Madison Realty to take control of Isaac Hager’s Williamsburg hotel project

Sale will end two-year bankruptcy proceeding for site of planned 26-story hotel and condo

Madison Realty’s Josh Zegen with plans for 159 Broadway (LinkedIn, Rosewood Realty Group, The Corbin Group)

November 14th, 2022, by Keith Larsen

Isaac Hager is having a roller coaster of a November.

Last week the Brooklyn developer partnered with nursing home investor Daryl Hagler to acquire a site in the borough with plans for a major residential project. This week he’s set to lose one.

Madison Realty Capital, the senior lender on a development site at 159 Broadway in Williamsburg, where Hager once planned a 26-story hotel and condominium, plans to close on its purchase of the property this week, according to a filing in bankruptcy court. Madison used its existing debt to acquire the site. PincusCo first reported the sale.

Hager’s Cornell Realty bought the site, which sits next to the historic Williamsburgh Savings Bank building and across the street from Peter Luger Steakhouse, for $26.3 million for 2017. Two years later, Madison Realty provided about $28 million in loans on the property, while Eli Tabak’s Bluestone Group provided a $3.5 million mezzanine loan. Plans filed in 2018 included a 235-key hotel, condos, a bar and a restaurant.

Hager began excavation and foundation work, but a few months into the pandemic, Bluestone initiated a UCC foreclosure on an equity stake in the site with an auction eventually set for December 2020.

Madison Realty then filed to foreclose on the property’s senior debt in July 2020, alleging Hager was in default.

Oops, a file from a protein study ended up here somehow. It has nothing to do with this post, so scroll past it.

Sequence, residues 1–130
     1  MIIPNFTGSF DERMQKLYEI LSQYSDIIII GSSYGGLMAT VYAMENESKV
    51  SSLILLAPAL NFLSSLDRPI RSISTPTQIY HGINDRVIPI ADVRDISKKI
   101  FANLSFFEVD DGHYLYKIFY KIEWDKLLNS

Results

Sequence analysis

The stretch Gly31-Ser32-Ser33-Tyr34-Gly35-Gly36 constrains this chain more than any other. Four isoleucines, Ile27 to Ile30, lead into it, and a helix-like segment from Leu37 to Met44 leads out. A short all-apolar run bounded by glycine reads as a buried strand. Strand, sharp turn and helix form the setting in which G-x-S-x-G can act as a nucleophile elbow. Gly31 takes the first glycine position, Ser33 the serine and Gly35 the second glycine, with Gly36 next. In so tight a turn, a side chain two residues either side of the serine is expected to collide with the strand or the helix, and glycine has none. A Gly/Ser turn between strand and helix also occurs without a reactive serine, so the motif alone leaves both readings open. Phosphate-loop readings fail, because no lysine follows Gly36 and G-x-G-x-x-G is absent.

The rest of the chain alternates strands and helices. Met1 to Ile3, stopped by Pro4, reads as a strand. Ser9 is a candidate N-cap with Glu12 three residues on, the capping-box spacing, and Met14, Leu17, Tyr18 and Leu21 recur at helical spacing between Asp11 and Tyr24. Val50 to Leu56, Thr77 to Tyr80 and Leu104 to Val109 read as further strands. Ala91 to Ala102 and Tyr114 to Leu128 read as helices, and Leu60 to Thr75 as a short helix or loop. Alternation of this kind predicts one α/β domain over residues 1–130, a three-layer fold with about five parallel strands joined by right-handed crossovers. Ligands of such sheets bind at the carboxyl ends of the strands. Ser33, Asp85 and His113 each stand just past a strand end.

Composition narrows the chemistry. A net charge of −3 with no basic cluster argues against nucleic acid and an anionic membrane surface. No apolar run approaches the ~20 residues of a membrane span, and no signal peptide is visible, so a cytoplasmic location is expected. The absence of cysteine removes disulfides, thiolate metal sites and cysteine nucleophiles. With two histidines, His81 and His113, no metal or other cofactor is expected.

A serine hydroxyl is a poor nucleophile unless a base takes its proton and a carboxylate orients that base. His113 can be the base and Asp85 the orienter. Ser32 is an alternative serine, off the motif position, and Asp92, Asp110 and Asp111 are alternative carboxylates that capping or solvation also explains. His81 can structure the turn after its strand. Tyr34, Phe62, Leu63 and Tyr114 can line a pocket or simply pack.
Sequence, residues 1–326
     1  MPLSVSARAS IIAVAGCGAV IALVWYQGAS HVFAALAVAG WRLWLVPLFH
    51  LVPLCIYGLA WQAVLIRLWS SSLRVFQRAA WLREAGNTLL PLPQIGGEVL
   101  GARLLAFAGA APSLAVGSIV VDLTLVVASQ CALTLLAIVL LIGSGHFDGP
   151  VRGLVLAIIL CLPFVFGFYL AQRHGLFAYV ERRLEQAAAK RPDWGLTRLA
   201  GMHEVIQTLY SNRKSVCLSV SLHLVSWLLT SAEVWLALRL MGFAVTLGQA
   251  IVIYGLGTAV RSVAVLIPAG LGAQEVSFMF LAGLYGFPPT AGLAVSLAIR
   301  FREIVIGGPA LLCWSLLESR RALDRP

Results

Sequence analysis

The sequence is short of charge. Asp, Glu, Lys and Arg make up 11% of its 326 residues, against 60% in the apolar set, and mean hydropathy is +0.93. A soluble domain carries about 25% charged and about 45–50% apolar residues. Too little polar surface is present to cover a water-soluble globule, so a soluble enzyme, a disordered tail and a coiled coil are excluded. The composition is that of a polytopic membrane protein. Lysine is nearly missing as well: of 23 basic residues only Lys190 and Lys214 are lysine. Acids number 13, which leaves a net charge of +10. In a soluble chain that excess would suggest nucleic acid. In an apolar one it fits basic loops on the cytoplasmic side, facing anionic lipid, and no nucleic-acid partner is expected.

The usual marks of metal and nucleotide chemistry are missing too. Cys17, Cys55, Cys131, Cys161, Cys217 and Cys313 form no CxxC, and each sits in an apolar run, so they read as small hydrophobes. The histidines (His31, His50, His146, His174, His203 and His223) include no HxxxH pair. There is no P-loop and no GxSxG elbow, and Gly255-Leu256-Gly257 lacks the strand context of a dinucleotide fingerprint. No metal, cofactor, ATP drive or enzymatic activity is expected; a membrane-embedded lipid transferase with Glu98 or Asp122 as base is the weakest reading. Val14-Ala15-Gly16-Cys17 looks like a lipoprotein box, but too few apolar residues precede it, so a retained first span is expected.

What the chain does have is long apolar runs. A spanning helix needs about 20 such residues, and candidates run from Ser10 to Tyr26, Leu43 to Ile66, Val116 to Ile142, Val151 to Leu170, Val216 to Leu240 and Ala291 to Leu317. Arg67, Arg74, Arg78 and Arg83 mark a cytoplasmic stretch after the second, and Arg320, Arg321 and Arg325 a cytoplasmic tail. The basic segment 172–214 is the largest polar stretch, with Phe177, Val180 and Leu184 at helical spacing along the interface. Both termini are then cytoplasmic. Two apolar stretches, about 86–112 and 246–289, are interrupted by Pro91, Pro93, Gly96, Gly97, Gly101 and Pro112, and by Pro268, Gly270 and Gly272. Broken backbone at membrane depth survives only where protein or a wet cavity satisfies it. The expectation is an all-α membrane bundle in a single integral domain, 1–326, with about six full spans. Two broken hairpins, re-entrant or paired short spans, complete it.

Ahead of the UCC auction, Hager put the ownership entities into bankruptcy protection to halt the foreclosure. The bankruptcy proceeding dragged on for almost two years in front of White Plains judge Robert Drain before Madison’s bankruptcy plan was approved this summer.

Greg Corbin, president of bankruptcy and restructuring at Rosewood Realty Group, marketed the sale. Corbin said in a filing that late in the sale process, the property lost a tax incentive known as the Industrial and Commercial Abatement Program, which was valued at about $3 million a year. The loss of the tax incentive reduced the value and interest in the property, according to Corbin’s filing.

Hager has been no stranger to bankruptcy court in recent years. The Tillary Hotel, a property he co-owns, went into bankruptcy protection in 2020 to stave off a foreclosure. This summer, Hager put his minority stake in Churchill Real Estate’s office and retail project at 257-263 West 34th Street in Midtown into bankruptcy protection.

But Hager’s troubles have not impeded his ability to raise money for new deals. Last week, he partnered with Hagler to buy the former Spice Factory site near the Brooklyn Botanical Garden in Crown Heights, where Bruce Eichner once planned a 1,500-unit residential project, for $42.4 million in an all-cash deal.

Madison Realty declined to comment. Hager did not return a request to comment.


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